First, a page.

Off-Broadway is in full bloom this spring.
I was asked this month to write a story recommending five off-Broadway shows. To do this, I went to 15 different shows – and I really liked what I saw.
For some theatergoers, the chief charm of off-Broadway is that its tickets often sell at a fraction of Broadway prices. (Off-Broadway shows play in houses with seats of less than 500; off-off-Broadway in houses of less than 100.) But what appeals to me about off-Broadway is the chance to enjoy memorable performances and strong writing on smaller stages with less elaborate scenic effects. Some shows shine all the more brightly in such settings and that was certainly true of the shows on this list.
1. All the performances in Joshua Harmon’s Admissions at Lincoln Center’s Mitzi E. New-house Theater are excellent, but Ben Edelman’s especially stands out. In a blistering soliloquy, he rejects the pressure from his liberal-leaning parents to apply to an Ivy League college because he feels he has an unfair advantage over less connected and privileged students. Ironically, Ben’s parents – one is head of admissions, the other headmaster at a prestigious prep school – are at the same time fighting to diversify their student body with more minority enrollments. Broadway veterans Jessica Hecht and Andrew Garman are also brilliant as the prep school administrators. (Closes April 29)
2. Another extremely hard-hitting play about children and schools is Playwrights Horizons’ production of This Flat Earth, which takes place in the aftermath of a school shooting. Written by Lindsey Ferrentino, the play leaves you feeling great compassion for families whose children weren’t killed or wounded. Lucas Papaelias could not be more perfect as the blue-collar father of a young girl who can’t understand why adults don’t stop school shootings. Cassie Beck, Ella Kennedy Davis, Lynda Gravátt, and Ian Saint-Germain are all wonderful. (Closes April 29)
3. Brilliant Traces, by Cindy Lou Johnson, which was recently at The WorkShop Theater, is about a man living in a remote cabin in Alaska who gets a surprise visitor from Arizona. (Though this production has closed, it is currently one of the most frequently produced plays in the United States.) The comedic drama begins with a bang: A young woman in a wedding dress opens the cabin door one blustery night. Alyssa May Gold played the bride and Blake Merriman the hermit in compelling performances. They become locked in a verbal duel, revealing the pathos and poignancy of their pasts. (Closed March 4)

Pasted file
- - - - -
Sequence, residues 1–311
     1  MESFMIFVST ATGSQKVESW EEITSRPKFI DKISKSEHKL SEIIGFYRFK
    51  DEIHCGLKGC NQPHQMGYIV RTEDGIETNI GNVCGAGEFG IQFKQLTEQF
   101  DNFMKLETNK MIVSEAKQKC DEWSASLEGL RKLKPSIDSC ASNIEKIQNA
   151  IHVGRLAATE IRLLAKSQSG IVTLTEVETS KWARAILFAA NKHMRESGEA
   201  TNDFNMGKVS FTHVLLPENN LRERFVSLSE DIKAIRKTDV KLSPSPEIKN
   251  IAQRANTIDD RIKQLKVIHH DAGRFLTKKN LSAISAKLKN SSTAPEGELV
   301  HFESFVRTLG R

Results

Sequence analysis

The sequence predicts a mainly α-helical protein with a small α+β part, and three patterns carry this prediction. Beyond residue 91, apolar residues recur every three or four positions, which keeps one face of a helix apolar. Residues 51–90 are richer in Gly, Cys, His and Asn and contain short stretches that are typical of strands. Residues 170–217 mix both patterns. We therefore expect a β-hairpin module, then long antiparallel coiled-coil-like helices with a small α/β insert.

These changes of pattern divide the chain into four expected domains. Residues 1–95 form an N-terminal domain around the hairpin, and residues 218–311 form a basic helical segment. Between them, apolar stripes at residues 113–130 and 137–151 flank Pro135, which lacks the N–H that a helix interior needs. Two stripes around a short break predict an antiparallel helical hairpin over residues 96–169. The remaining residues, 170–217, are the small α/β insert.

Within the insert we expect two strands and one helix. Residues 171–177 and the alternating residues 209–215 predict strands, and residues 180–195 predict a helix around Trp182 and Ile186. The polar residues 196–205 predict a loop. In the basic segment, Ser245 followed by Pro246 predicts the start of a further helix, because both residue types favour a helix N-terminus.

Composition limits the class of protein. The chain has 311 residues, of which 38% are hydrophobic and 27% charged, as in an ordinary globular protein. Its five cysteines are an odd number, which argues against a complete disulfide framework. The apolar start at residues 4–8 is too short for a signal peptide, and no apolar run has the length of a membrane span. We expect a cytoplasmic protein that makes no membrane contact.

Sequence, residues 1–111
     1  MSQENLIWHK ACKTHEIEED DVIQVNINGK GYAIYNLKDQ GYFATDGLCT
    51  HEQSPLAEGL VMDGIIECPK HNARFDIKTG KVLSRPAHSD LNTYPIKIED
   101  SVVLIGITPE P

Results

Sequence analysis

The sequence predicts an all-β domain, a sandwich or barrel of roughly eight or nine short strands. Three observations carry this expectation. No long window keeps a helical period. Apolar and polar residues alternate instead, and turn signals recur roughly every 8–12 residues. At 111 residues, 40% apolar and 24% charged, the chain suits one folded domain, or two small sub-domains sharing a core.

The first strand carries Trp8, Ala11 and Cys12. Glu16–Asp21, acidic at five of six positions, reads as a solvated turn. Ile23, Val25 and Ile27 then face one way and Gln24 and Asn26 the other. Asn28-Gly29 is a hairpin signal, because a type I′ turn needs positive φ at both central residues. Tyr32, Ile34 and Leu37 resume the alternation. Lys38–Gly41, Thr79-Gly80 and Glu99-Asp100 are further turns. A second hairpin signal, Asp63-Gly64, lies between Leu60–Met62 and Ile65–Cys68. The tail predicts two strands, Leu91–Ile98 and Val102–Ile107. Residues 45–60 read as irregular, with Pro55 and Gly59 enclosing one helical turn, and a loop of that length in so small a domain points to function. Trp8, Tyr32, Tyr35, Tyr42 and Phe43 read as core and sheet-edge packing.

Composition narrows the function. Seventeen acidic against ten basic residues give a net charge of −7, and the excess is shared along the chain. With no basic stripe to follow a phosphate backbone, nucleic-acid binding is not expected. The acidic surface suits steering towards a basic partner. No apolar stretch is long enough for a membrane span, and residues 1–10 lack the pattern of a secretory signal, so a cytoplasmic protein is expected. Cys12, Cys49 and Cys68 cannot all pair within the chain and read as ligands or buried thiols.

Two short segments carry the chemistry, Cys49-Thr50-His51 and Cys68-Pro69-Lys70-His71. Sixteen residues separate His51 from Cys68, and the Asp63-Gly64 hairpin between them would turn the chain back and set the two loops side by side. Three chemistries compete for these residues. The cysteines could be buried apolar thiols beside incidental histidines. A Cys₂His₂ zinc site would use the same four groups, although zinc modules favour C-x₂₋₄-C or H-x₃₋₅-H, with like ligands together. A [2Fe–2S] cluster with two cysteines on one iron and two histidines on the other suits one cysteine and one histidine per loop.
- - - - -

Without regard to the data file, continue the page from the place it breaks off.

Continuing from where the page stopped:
4. Avenue Q is just as funny and engaging today as when it first opened to enthusiastic reviews in 2003. It is now playing off-Broadway at New World Stages with much lower ticket prices just blocks from its Broadway location. The musical follows the story of puppet Princeton, who recently graduated from college and now lives on a ramshackle street in New York City called Avenue Q. Princeton’s adventures with puppets such as Kate Monster and humans are affectionately told with heartfelt, humorous dialogue and songs. One of the play’s themes is that real friends can rely on each other. The music is by Robert Lopez and Jeff Marx, and the book (dialogue) is by Jeff Whitty. (Running indefinitely)
5. Black Beauty at The New Victory Theater is based on an 1877 novel by Anna Sewell about a horse who has experienced great cruelty and much kindness. This production gives the story new life by casting it as a tale told by two out-of-work actors who find the old novel and embark on a pantomime version of it. In the pantomime, a big rain boot becomes Black Beauty and a small boot symbolizes another horse, allowing kids to use their imaginations to visualize the story. Judging from the laughter and applause, the children who saw it on the night that I was there simply loved it. (Closes March 25)
I also really liked “Ajijaak on Turtle Island” at the Ellen Stewart Theatre and Ilia Volok in a bravura performance in “Diary of a Madman,” by Nikolai Gogol, at the American Theater of Actors. Both have since closed, which is a reminder for readers to confirm that a show is still playing as off-Broadway shows often have short life spans, no matter how good the reviews.
And here’s a final tip for those interested in off-Broadway shows: A way to cut the prices further is to become a member of the respected theater organization Theater Extras (Theaterextras.com). For $99 a year (plus a $4.50 processing fee per ticket), you get two seats for a number of shows (Broadway and off-Broadway) of your choice.